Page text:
New Common Ground


New Common Ground

A New America, A New World

Amitai Etzioni

272 pages


June 2009


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eBook (PDF)
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September 2011


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About the Book

Race, age, political affiliation, country of origin, native language—too often Americans define themselves, and are defined, by the differences that separate them. But if the 2008 presidential campaign has taught us anything, it is that we as a people want to look beyond these divisions to the values and interests that unite us. New Common Ground embodies this zeitgeist, showing the ways that traditional boundaries among ethnic groups, political ideologies, and generations are blurring, and how to hasten the process. New Common Ground demonstrates that even though the deepest divide in America is said to be racial, the differences in viewpoints and values among races are declining, even in an age of increased intermarriage. On immigration and other controversial matters, Etzioni argues for diversity within unity and the means to achieve that necessary end. New Common Ground is a provocative and insightful look into how we as Americans can reach consensus not just in spite of our diversity but also in ways that strengthen our commitment to the good of one and all as we seek to overcome the divisiveness that sometimes results from identity politics. The book closes by looking beyond our shores to the bridges that bring America closer to the rest of the world.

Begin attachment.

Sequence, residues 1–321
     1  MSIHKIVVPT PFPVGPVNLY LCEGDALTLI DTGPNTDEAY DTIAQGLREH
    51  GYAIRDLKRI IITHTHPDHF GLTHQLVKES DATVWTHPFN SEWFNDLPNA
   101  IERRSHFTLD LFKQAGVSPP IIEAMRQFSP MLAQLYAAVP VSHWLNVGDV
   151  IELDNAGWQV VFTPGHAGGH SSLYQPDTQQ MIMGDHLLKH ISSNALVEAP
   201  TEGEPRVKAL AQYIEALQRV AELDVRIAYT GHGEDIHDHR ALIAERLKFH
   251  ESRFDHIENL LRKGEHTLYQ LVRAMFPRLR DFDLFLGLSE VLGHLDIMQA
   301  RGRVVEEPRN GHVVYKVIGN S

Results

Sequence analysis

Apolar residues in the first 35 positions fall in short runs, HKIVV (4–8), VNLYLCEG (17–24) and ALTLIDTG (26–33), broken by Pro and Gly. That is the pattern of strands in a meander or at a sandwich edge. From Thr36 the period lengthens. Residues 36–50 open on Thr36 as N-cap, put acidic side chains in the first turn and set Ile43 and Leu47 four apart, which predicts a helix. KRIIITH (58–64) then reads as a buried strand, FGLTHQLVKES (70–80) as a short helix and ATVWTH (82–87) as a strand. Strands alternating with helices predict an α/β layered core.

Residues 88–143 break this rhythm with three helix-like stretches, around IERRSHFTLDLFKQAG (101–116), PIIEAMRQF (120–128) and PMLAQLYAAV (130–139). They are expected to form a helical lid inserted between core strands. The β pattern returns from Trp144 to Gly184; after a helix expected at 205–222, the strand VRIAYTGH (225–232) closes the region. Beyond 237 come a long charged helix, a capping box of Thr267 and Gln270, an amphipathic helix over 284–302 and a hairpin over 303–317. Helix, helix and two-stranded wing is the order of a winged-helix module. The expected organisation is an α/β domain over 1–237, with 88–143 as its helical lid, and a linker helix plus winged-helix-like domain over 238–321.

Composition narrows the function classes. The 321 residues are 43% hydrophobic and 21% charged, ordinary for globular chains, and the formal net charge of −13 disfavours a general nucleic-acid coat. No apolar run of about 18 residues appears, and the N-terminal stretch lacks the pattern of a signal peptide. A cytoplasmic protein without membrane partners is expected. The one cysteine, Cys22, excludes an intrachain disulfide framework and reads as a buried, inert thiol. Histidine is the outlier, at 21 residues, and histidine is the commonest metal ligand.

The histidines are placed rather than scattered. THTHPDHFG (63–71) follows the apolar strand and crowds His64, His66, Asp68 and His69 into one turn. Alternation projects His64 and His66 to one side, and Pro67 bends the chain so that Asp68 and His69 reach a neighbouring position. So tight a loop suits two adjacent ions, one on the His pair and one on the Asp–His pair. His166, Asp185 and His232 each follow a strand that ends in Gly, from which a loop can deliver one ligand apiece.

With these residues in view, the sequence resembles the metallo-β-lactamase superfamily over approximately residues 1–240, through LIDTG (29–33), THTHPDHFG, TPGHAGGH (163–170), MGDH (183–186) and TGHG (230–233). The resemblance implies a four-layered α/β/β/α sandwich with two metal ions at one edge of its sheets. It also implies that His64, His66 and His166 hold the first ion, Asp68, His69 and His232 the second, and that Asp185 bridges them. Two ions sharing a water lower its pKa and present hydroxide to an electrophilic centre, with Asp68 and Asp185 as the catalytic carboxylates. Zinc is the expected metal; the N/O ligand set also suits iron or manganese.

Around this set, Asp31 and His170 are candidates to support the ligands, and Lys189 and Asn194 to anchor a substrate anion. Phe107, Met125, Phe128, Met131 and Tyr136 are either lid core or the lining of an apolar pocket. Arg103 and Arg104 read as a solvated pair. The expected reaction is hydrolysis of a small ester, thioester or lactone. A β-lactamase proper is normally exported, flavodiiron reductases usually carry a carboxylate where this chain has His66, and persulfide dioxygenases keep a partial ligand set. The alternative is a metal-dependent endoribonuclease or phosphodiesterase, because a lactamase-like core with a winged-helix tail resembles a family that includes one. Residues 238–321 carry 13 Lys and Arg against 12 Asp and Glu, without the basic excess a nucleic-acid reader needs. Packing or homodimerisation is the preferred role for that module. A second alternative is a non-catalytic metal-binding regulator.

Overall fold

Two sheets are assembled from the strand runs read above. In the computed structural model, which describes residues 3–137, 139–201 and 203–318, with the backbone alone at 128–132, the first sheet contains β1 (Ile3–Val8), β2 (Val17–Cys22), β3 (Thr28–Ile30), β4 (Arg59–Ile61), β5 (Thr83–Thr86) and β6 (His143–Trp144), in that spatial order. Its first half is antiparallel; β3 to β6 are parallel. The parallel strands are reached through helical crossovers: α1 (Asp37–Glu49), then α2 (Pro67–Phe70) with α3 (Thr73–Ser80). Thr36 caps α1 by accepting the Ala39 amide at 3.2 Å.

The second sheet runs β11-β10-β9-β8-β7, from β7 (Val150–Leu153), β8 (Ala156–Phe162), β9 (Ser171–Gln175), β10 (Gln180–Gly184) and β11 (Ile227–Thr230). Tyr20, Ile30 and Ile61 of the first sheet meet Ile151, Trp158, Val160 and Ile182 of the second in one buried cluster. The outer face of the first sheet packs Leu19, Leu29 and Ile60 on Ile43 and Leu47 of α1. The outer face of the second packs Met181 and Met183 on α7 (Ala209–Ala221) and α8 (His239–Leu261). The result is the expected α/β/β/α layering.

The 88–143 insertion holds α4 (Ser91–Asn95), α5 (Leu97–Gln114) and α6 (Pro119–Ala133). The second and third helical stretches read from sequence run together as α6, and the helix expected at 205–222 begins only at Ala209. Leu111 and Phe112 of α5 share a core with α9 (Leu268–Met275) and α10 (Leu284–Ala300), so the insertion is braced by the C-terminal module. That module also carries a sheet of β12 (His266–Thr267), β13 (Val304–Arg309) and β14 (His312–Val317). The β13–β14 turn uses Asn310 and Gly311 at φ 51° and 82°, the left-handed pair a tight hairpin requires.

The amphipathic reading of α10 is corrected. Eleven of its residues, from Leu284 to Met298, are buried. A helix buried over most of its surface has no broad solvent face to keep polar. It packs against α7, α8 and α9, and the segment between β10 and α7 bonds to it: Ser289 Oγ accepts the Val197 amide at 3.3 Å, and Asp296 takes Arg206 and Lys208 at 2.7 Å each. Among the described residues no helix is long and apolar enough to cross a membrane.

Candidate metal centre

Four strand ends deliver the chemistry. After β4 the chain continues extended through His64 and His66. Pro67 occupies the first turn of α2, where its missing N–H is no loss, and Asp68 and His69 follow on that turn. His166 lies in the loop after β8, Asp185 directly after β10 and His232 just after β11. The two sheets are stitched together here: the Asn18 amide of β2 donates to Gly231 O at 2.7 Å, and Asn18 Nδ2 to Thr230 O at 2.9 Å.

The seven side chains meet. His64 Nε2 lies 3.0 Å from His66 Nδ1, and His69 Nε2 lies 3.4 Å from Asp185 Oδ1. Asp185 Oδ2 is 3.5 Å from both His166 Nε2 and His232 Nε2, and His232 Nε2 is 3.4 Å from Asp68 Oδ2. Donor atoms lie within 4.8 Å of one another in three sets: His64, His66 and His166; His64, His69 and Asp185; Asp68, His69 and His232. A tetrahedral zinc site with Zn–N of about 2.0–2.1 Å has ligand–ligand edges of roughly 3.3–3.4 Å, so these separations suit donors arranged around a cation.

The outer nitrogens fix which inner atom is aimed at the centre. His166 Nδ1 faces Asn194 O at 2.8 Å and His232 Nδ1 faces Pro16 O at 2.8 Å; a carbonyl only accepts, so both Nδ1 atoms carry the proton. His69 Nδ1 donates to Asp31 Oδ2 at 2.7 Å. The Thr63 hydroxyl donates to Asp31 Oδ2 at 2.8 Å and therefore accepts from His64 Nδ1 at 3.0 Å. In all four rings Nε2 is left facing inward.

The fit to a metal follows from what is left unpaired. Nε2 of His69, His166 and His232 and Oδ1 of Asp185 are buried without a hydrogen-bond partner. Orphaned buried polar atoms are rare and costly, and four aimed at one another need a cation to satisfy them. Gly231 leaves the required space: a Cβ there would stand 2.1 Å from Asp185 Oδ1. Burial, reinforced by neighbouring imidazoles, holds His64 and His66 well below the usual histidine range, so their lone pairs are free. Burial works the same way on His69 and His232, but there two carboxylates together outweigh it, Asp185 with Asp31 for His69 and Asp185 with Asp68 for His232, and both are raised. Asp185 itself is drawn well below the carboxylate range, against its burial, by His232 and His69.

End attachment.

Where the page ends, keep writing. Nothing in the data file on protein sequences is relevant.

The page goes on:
Author Bio

Amitai Etzioni is University Professor at George Washington University, and the director of the Institute of Communitarian Policy Studies. In 1990, he founded the Communitarian Network, a nonpartisan organization dedicated to shoring up the moral, social, and political foundations of society. He served as senior adviser to the White House and president of the American Sociological Association. He taught at Harvard, Columbia, and Berkeley. Etzioni is the author of twenty-four books, most recently From Empire to Community: A New Approach to International Relations (Palgrave Macmillan, 2004) and Security First: For a Muscular, Moral Foreign Policy (Yale University Press, 2007). He resides in Washington, D.C.